When is a foreclosure
eviction not an eviction? Easy answer: When the person you're trying to evict doesn't live there. Angela Martinez of Providence, R.I., was helping her 20-year-old autistic son get ready to leave the home one April morning when there was a knock at the door. Movers
barged in with packing boxes
and began tossing her possessions into cardboard containers.
Although a constable held an eviction notice in his hand with the right to move out the owner, Martinez is not the owner; neither is her 21-year-old daughter, Stephanie Rodriguez, who lives there with her newborn daughter, Audrey; the baby's father; and her 16-year-old son, Franklin. The Martinez family rents
the place for $900 per month from an absentee landlord who lives in New York. That landlord, Pedro Pena, was the one named on the eviction notice.
"It was illegal and they had no standing to do it," the family's lawyer, George Babcock
, told AOL Real Estate
about the eviction attempt. "It was immoral."
When there's an eviction, each person, or at least each adult, has to be named on the notice.
The law in Rhode Island is that occupants must be given at least 10 days notice through a lawsuit, not fewer than 10 minutes on your doorstep.
"When they were knocking I was with Audrey's dad," Stephanie Martinez said during a phone interview
. "He was feeding the baby, and I was trying to get some sleep. My mom ran into the room to come get me." When the groggy new mom learned what was going on she immediately called her attorney.
"They [the people for the bank] went out and tried to exterminate this family. That's what I call it," says Babcock, whose moniker for his office is "a Christian law firm"
practicing what he calls "foreclosure
He adds, "In a case like this, occupants have to receive at least 10 days' notice at the very least; and even after
that 10 days, if they don't leave, they have to have a lawsuit filed against them and they have 20 days to respond. I can turn 30 days in to 60 days and 90 days. This is what I do for a living."
So that fateful morning after he received Stephanie's call, Babcock phoned the mayor's office, who put him in touch with police Capt. David Lapatin, who also has a law degree.
Lapatin, arrived at 31 Lenox Ave. and told the police officers overseeing the eviction, and the moving crew, who looked as if they really didn't want to be there, to stop what they were doing, reported the Providence Journal
"You see someone with an autistic child, the daughter with a little baby, you do whatever you can do to help them," Lapatin told the paper. With Babcock's colleague, attorney Corey Allard
now at their doorstep too, the family, was then given 60-days notice; an eviction in this case is inevitable.
The Martinez family has been renting
the first-floor of the three-story multifamily home for six years. Tenants in the top two floors have already moved out. The bank paid them to leave, says Stephanie. She doesn't know how much they were paid, but she says the bank never offered her own family cash for keys. Perhaps because the landlord is a relative. Instead, she says a woman named Melissa would constantly call their home and ask, "When are you leaving? Have you found a place to go to yet?"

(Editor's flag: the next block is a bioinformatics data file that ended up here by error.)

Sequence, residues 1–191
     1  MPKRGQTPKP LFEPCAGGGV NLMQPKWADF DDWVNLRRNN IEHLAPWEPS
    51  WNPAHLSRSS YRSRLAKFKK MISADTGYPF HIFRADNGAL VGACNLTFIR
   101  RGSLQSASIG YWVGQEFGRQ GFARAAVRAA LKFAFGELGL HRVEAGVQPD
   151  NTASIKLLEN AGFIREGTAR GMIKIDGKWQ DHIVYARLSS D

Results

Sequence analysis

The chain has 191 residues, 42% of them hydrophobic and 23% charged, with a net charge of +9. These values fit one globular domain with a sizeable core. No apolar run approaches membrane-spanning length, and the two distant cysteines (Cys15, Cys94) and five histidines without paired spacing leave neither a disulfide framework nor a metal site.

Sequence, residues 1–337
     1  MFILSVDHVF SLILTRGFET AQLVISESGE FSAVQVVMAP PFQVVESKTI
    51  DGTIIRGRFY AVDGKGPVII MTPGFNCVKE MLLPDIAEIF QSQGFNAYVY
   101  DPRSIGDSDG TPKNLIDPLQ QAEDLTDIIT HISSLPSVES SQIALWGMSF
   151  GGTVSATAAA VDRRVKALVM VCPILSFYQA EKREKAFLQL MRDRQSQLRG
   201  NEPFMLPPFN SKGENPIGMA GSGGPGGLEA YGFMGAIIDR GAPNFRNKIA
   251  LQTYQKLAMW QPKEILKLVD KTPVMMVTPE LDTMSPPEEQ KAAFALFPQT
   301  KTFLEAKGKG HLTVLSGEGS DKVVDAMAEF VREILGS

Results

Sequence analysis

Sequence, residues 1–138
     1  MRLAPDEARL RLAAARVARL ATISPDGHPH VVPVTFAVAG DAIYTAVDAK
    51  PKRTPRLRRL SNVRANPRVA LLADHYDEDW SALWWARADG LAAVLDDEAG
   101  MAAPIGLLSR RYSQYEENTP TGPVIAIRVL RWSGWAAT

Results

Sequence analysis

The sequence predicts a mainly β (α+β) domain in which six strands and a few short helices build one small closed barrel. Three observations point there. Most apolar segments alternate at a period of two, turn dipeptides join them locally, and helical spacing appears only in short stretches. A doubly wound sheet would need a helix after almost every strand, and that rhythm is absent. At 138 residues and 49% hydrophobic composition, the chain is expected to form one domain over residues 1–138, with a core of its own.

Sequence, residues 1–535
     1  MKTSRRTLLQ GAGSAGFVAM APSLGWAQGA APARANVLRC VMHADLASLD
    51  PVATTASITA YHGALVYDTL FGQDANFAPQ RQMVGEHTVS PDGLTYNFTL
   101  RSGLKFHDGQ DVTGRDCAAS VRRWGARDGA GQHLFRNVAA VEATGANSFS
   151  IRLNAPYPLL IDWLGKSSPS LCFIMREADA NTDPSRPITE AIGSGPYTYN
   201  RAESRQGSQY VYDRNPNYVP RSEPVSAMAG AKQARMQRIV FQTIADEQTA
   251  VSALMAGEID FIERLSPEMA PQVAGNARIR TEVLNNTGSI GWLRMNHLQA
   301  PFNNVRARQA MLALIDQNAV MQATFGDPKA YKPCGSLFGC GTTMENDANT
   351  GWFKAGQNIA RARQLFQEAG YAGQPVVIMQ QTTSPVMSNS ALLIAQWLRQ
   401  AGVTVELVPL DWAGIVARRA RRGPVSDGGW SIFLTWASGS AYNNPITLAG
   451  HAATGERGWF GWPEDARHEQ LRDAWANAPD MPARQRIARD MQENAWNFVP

The last time Stephanie says she received a call from the woman was about three weeks before the attempted eviction. "I told her I didn't want to talk to her about it. 'I am not going to answer you. You can call the lawyer.' The lady got pissed off and hung up." The next contact she had was with the movers
at the door.
"My mom has so many things that the movers said it was going to be a two-day job
. The first thing they packed was the living room, all the frames, china, silverware. They got to pack 11 boxes before they were stopped."
Those boxes still sit in the Martinezes' living room while they make frantic calls in search of a new place to live. "We are looking for a family house or a duplex. We need at least three bedrooms, but would prefer four bedrooms in either Cranston or North Providence."
The family first learned the house was in foreclosure several months ago when a real estate agent for the bank knocked at their door. The 48-year-old mother of three had no idea.
Babcock has been representing the owner of the home because it is not clear who owns the mortgage, but in the end, a Superior court justice dismissed Pena's appeal.
"Anyone in this situation, it's like the Wild West," says Babcock. "Everyone should familiarize themselves with tenant law in their state if there is a possibility their landlord can be foreclosed on. I've probably had 500 emails from people across the country. I steer them to the bar association in their state."
Allard, who describes the scene at the Martinez home that day as "very tense," suggests:
1) Do not ignore certified mail or court documents from debt collectors, law offices, or constables.
2) Do not trust the representations of debt collectors, mortgage companies, or their agents. Often times, these persons or entities act inside the gray areas of the law in order to achieve their self-interest.
3) The earlier you seek legal guidance, the better the resolution to your issue.
For Stephanie, who hopes to return to school this year and work toward a degree in social work, says the ordeal has been "just too much chaos and I hope it doesn't happen to anyone else."
Sheree R. Curry, who has owned three homes, but has never been a landlord, is a three-time award-winning journalist who has covered real estate for six years. During her 20-year career, her articles have appeared regularly in the
Wall Street Journal,
TV Week, and Fortune. She's been writing for AOL Real Estate since 2009 from a Minneapolis-area rental. She seeks a book publisher -- or at least a lender who'll give a reasonable mortgage rate to a self-employed
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